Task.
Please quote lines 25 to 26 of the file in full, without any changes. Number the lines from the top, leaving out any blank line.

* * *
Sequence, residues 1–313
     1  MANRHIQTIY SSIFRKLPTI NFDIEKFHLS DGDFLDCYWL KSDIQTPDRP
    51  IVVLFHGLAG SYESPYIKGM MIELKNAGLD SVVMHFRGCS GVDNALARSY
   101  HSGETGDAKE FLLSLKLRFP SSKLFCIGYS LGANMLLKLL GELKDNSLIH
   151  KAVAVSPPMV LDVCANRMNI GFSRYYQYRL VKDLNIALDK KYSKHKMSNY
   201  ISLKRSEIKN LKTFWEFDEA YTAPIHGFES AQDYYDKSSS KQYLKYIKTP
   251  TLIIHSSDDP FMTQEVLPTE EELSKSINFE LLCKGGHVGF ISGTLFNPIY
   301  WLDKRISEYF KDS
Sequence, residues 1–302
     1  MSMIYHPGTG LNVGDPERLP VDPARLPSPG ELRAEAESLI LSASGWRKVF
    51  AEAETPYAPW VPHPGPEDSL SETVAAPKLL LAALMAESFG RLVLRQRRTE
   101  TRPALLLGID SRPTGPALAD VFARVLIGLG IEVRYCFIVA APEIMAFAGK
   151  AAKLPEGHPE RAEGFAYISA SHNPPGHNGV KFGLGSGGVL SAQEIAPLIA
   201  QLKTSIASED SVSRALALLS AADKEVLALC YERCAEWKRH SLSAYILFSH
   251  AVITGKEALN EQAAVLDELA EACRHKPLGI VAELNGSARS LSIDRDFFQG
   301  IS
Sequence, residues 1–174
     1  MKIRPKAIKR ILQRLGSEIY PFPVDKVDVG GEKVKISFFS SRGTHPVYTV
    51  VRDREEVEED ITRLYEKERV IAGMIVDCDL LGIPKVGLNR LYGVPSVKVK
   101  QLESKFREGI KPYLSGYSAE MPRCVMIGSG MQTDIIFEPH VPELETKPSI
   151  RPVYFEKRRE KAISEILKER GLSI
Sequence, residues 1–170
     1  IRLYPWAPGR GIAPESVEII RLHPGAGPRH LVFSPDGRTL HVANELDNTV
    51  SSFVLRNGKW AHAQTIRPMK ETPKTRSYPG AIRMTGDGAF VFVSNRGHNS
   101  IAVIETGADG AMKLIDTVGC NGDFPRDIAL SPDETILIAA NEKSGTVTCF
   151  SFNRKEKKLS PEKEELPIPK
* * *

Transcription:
   101  IAVIETGADG AMKLIDTVGC NGDFPRDIAL SPDETILIAA NEKSGTVTCF
   151  SFNRKEKKLS PEKEELPIPK